Students pick almost 2,000 pounds of frogbit

News Photo by Jordan Spence Christopher Standen, 10, and Brandon St. John, 11, pick up the invasive plant species frogbit with the help of Northeast Michigan Great Lakes Stewardship Initiative Coordinator Meaghan Gass, Friday at Duck Park in Alpena.

ALPENA — In one day Alpena students managed to pick 1,181 pounds of frogbit from local watersheds.

The Frogbit Challenge was a collaborative project between the Northeast Michigan Great Lakes Stewardship Initiative (NEMIGLSI), Huron Pines, Alpena Wildlife Sanctuary, Huron Pines AmeriCorps, Michigan Sea Grant, Michigan State University Extension, and Thunder Bay National Marine Sanctuary.

Frogbit is an invasive species, said 11-year-old Hinks Elementary student Brandon St. John.

“It’s dangerous to the lakes and it takes over in the water,” he said.

The initiative began in early summer and the goal has been to collect 20,000 pounds of the plant. This was the final phase of the project. The Hinks students focused their efforts on Duck Park. Besser students also gathered the plant at the park as well, and conducted a beach cleanup.

Lincoln Elementary first-graders skimmed the coastline of Rotary Island for the plant and picked up trash along the way lead by teacher Katie Thomson.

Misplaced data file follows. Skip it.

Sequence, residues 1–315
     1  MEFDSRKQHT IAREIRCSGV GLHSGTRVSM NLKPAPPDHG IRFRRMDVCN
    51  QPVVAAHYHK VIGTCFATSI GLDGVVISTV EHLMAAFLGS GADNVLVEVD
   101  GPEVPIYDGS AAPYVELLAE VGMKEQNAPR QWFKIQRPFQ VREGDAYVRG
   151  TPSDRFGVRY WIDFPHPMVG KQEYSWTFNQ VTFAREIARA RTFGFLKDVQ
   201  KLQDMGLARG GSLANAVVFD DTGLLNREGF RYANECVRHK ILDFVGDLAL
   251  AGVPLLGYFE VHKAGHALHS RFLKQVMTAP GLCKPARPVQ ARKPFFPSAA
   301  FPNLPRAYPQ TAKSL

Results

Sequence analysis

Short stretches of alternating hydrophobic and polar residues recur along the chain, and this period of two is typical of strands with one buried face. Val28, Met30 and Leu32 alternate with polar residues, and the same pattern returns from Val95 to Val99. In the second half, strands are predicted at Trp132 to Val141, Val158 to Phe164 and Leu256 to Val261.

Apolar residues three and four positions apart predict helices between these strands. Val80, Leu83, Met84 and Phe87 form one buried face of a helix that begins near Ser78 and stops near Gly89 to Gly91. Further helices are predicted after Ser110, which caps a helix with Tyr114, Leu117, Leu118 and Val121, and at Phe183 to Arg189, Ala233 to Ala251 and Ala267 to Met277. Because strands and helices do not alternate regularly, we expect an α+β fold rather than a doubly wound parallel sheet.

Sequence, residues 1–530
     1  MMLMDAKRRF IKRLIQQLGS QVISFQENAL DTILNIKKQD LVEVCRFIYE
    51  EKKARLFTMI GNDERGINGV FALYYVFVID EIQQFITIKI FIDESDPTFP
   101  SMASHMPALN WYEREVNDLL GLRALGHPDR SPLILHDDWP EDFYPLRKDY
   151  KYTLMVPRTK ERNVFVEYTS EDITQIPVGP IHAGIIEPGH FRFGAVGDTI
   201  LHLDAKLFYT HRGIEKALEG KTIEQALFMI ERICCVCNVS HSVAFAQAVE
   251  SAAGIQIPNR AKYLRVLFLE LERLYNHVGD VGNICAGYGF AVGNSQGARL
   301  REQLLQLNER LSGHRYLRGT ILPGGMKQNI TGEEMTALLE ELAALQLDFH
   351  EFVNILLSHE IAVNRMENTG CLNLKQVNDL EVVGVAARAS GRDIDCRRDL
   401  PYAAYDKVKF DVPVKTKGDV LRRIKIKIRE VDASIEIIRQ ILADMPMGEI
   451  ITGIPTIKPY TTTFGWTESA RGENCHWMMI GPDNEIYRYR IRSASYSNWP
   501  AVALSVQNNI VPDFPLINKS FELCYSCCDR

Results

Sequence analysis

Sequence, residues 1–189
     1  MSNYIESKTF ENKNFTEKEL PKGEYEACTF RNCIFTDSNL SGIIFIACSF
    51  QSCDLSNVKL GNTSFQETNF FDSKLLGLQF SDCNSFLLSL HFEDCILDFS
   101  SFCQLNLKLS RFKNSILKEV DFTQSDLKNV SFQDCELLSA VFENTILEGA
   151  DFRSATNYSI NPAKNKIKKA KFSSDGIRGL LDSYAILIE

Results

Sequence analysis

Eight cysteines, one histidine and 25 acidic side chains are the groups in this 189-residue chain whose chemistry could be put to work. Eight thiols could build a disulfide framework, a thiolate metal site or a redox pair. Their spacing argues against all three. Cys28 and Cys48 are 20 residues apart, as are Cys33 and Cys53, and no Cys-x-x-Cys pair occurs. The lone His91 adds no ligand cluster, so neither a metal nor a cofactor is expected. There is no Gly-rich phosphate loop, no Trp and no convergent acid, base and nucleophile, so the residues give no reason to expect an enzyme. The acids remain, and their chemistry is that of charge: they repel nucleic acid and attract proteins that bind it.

NEMIGLSI Coordinator Meaghan Gass said in total they collected 12 pounds of trash.

Hinks teacher Laura Wolosiewicz said this kind of project is a good way to start the school year.

“Nature is important to me and I incorporate it into my classroom any point in the year I can. It’s something I’ll reference all the time. Because our school is set around the woods we have a lot of naturally inclined kids,” she said.

These kinds of lessons help them to become good citizens as well, Wolosiewicz said.

“They are also using iPads from a grant and are creating a video about what they’re doing. They’re using research and facts to make a short film about frogbit. That’s cool to get their hands on technology. It also helps them to learn how to use good teamwork too, which helps to make it a good to start the year,” she added.

Alana Shalhout, 10, said she enjoyed her day out in the water.

“I liked picking it up because it helps the Great Lakes and it’s fun doing it with my friends. It’s fun to get out of the (classroom) seats because it’s a nice day. The only bad part about it is that it’s a little stinky,” Shalhout said.

Jordan Spence can be reached via email at or by phone at 358-5687.